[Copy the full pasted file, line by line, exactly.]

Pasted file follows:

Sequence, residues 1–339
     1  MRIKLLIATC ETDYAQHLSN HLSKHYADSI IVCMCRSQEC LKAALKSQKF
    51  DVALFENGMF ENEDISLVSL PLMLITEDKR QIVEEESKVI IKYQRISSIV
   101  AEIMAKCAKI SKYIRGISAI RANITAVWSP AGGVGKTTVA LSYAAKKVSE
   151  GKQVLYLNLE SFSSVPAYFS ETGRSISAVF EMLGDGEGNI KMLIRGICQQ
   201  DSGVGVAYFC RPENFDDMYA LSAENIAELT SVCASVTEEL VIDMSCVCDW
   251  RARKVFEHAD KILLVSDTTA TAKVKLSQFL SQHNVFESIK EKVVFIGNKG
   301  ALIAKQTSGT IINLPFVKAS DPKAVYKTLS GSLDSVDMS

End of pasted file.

Sequence, residues 1–339
     1  MRIKLLIATC ETDYAQHLSN HLSKHYADSI IVCMCRSQEC LKAALKSQKF
    51  DVALFENGMF ENEDISLVSL PLMLITEDKR QIVEEESKVI IKYQRISSIV
   101  AEIMAKCAKI SKYIRGISAI RANITAVWSP AGGVGKTTVA LSYAAKKVSE
   151  GKQVLYLNLE SFSSVPAYFS ETGRSISAVF EMLGDGEGNI KMLIRGICQQ
   201  DSGVGVAYFC RPENFDDMYA LSAENIAELT SVCASVTEEL VIDMSCVCDW
   251  RARKVFEHAD KILLVSDTTA TAKVKLSQFL SQHNVFESIK EKVVFIGNKG
   301  ALIAKQTSGT IINLPFVKAS DPKAVYKTLS GSLDSVDMS